From music to painting, sculpture to architecture an important portion of the “art” was produced centuries ago. World’s most famous museums are competing for displaying the art pieces from Renaissance. Modern art, on the other hand, is harder to perceive. Can technology finally offer creative intelligence and change the way we look at art?
History of Art
The oldest art created by humans goes back about 25.000 years. Humans lived in the caves during the Paleolithic age and left their signs on the walls. Cave of Hands (Cueva de las Manos in Spanish) is maybe the most famous example and it is on the UNESCO World Heritage List since 1999.
Later on, Ancient art rose with the great civilizations of Egypt, and Mesopotamia, and China. Since we started to record history through writing, art has entered a new era. Fascinating hieroglyphs in Egypt or scripts on the tablets are only some of the examples of ancient art.
In the Modern age, Renaissance art spread throughout Europe and left unprecedented works on painting, sculpture, and architecture. This period took its foundation from classical antiquity but also used scientific knowledge. Yet, Renaissance was the last biggest era for an artistic explosion at the global scale. For some reason, modern and contemporary art did not impress people as much as the artworks of this era.
Creative Intelligence and the Age of Science
Incredible advancements in the data size that our machines can process now opened the doors for exciting opportunities for artificial intelligence. In the past couple of years, we have been hearing a lot about the possibilities of artificial intelligence. Whether we can turn this data processing power to creative intelligence or not is an ongoing debate.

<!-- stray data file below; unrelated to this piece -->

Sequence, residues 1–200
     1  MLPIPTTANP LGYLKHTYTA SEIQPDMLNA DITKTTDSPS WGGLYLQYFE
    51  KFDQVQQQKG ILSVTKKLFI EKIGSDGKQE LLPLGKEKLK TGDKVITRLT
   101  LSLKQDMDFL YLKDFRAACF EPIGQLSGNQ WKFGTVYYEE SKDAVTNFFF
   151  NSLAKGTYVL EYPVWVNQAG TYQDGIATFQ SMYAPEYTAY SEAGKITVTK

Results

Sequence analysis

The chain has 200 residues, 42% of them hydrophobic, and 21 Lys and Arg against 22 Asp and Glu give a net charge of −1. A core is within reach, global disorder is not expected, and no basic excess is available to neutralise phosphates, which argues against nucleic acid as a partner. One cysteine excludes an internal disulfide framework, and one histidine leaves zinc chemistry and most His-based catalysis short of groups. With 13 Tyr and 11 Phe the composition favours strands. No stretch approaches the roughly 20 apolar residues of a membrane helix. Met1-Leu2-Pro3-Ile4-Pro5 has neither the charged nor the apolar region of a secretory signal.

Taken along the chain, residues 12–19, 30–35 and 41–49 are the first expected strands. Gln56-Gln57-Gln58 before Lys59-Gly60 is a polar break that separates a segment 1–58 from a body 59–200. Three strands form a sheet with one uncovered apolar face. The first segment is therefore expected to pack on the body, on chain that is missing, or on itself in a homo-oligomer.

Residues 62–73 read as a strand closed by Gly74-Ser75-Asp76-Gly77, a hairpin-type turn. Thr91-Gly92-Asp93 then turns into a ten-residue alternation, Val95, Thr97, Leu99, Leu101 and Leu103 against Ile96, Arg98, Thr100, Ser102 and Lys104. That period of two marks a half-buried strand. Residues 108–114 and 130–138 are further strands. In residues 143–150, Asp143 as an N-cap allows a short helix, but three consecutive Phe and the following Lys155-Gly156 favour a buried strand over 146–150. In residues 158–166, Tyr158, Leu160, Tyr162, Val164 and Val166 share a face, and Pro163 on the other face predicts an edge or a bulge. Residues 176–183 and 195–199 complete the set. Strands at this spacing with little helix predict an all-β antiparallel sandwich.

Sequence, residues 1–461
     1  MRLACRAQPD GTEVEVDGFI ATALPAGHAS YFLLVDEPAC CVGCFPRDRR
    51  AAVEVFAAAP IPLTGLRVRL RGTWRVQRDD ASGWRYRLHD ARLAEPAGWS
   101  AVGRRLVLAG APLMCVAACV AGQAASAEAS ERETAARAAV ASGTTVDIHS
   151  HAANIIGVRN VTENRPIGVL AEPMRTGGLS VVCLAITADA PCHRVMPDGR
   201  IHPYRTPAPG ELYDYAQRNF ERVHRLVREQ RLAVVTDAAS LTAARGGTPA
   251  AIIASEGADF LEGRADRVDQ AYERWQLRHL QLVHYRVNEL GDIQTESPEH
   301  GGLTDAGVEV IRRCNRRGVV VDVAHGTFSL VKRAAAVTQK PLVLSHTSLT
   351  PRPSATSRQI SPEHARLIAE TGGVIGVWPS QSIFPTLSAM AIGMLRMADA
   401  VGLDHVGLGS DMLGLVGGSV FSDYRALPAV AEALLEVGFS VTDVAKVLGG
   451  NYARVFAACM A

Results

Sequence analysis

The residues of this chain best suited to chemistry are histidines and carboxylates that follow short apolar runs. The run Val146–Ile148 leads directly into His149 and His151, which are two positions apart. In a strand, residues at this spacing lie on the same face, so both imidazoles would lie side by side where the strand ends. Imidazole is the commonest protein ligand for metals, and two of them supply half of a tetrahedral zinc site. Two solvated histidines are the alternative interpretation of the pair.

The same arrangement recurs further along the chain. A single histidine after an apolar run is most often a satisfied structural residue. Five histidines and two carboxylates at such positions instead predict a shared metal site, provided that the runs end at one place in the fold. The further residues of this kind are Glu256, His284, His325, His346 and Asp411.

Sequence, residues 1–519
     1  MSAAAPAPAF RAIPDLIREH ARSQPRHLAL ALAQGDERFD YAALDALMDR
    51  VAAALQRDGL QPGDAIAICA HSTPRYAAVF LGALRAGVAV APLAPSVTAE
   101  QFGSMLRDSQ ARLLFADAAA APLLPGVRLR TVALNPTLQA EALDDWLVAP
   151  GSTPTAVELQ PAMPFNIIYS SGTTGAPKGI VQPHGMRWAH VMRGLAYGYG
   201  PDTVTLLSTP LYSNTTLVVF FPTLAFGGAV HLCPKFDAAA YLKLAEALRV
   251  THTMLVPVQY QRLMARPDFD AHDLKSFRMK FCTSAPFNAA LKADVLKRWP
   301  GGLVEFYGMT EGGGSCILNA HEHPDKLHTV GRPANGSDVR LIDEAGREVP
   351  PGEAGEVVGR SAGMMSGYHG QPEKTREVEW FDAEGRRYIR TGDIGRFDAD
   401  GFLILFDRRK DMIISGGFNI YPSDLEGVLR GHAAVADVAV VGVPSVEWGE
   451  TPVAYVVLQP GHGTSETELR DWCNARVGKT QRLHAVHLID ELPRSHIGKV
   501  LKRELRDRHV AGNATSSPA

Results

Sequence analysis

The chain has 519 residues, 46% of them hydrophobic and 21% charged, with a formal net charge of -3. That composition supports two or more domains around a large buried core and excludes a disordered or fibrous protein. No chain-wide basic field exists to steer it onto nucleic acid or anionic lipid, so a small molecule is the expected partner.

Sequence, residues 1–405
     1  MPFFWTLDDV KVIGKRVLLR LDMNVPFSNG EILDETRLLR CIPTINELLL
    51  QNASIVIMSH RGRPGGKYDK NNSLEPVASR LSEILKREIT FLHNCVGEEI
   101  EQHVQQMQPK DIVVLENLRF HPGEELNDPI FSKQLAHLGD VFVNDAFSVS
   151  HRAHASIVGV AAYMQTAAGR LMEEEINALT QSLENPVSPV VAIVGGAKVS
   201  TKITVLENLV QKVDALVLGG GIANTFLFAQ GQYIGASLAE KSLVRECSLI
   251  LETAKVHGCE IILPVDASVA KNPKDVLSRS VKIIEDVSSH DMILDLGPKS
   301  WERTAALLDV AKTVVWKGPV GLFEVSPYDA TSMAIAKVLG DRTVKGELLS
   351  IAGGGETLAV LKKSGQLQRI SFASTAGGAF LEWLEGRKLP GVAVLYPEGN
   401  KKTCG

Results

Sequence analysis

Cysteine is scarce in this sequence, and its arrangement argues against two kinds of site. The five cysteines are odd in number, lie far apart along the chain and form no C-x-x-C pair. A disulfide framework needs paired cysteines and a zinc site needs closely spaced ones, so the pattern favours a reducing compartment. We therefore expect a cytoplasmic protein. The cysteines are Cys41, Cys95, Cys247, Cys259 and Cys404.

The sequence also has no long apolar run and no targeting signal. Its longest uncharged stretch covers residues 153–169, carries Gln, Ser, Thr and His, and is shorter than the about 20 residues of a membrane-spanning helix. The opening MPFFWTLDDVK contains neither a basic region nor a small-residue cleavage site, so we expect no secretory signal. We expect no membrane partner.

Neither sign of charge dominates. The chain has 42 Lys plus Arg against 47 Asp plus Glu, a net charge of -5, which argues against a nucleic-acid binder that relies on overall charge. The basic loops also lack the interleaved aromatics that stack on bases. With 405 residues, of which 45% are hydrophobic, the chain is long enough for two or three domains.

In their latest issue’s featured story, Falchion Publications covered this topic on how the developments on artificial intelligence will change the way we perceive creativity. They highlight such advancements as “… modern advances come closer and closer to taking the ‘artificial’ out of artificial intelligence, we are watching the lines between artistic creativity and digital technology blur before our very eyes.” Moreover, they introduced the Botnik, “a community of writers, artists and developers using machines to create things on and off the internet” and provided interesting examples that this organization has created.
Beyond any doubt, artificial intelligence is a broad topic. However, we want to hear from you and discuss further on the creative intelligence that technology offers. Let us know if you think creative intelligence has a value from an artistic point of view.